Rose Winand was on a roll, literally. One of the top female wheelchair road racers in the country and the only one invited to compete in the Wheelchair Race of Champions, a 52.4-mile race from Purcellville, Va., to Washington, D.C., Winand was eclipsing her best marathon mark by seven minutes at the halfway point of the race. But her time of 2 hours 10 minutes wasn't fast enough and she was pulled from the course by officials because she trailed the leaders by too much.
Officials feared that racers would get stranded if they allowed them to fan out too far and set the limit at 30 minutes behind the leaders. When stopped, Winand was riding 38 minutes behind the leaders, who were pushing a record pace. Winner Jim Knaub finished the 52.4-mile distance in 3:01:01.64 -- 48 minutes faster than last year's winning time.
"I was pulled, I didn't quit and that eats away at you," said Winand, 24. "I was tempted to shoot right through and let them try to catch me."
"Rose was hopping mad and she was right -- that was just dumb as hell," said race director Bill Fuller. "It doesn't matter if it's 30 minutes or three hours, we could've gotten everybody in. We had a debriefing immediately after and said we can improve this dramatically."
Winand wasn't the only one affected by the rule, aimed at the riders' safety. Three others were pulled from the course for the same reason. Quadriplegic John Brewer of Salt Lake City, Salisbury's Steve Lietz and Bowie's Ken Archer were not allowed to continue when they reached the Theodore Roosevelt Bridge, about five miles from the finish. Lietz was sidelined earlier with a flat tire. Brewer and Archer were stopped and told the police escort already had left for the finish line.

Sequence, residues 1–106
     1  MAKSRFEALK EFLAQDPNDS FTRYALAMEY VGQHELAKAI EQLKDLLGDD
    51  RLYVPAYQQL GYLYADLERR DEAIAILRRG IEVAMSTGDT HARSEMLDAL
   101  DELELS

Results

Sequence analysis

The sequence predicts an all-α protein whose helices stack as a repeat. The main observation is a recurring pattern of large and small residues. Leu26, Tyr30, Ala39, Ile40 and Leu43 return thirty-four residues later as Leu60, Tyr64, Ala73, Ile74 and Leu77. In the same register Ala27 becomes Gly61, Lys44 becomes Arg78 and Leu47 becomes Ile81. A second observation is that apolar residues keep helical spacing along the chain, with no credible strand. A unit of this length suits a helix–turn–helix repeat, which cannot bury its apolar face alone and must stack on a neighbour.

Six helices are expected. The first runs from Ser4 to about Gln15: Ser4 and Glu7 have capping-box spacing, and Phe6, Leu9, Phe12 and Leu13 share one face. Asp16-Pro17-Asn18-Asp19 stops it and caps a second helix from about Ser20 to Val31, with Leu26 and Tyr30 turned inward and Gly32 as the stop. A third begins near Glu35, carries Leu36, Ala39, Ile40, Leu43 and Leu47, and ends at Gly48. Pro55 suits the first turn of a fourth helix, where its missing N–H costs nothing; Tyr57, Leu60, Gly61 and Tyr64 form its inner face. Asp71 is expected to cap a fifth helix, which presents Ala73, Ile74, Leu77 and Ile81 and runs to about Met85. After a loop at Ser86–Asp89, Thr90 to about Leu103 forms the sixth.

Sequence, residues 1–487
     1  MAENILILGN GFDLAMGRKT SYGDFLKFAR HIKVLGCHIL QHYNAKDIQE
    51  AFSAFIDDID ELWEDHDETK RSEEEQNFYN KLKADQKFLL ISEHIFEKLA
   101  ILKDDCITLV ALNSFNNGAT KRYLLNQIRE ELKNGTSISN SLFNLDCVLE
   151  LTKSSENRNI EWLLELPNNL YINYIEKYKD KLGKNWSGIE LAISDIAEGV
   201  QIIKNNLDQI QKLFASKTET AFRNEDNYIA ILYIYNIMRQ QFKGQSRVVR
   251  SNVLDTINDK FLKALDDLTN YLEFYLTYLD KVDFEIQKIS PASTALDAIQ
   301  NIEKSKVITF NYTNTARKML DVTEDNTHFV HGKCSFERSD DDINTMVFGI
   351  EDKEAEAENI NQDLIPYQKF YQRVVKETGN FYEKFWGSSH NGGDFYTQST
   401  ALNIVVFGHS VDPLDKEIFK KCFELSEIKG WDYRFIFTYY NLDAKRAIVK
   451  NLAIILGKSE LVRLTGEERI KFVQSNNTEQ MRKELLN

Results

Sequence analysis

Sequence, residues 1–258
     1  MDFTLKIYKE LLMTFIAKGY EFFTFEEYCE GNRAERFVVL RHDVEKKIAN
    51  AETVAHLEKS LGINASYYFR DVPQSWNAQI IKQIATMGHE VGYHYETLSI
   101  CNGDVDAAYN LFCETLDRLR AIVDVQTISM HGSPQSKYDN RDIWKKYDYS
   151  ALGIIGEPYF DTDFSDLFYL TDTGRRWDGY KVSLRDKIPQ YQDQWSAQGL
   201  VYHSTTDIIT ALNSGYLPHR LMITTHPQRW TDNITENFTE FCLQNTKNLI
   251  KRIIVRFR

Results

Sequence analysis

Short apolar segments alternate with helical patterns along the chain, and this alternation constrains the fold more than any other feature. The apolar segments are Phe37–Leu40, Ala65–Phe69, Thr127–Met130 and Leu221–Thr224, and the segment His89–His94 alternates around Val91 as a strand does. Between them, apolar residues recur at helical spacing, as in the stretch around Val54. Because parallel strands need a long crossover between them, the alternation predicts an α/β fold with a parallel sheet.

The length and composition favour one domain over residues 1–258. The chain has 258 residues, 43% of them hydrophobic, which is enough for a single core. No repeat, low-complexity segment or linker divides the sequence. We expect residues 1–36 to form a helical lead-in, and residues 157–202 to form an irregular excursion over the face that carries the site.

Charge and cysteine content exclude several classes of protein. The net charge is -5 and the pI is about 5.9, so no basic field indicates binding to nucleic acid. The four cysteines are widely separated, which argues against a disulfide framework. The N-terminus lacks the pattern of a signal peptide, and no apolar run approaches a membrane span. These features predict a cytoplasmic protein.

"It was the result of a compromise reached with the D.C. police," said Fuller. "They handled three packs of riders like presidential motorcades, clearing the traffic a quarter of a mile in front of the riders and letting it fall in behind them. But with three motorcades, we could've moved everybody through. The police were frightened, they didn't want to see a poor handicapped person get squashed by a car. But we didn't realize the impact of our decision, and afterward we immediately saw the improvements that could be made: We can bring as many packs through as we need to."
Already race officials have made revisions, including wave starts (slower riders getting a substantial head start) and more flexible motorcades that will go back to guide the slower riders.
"This was a prototype for women and quadriplegics," said Fuller. "We really didn't know what they could do."
This year, though, left Winand with a sadly familiar sensation. "As somebody in a wheelchair, people are always pulling and pushing, you have no control," she said. "And I didn't."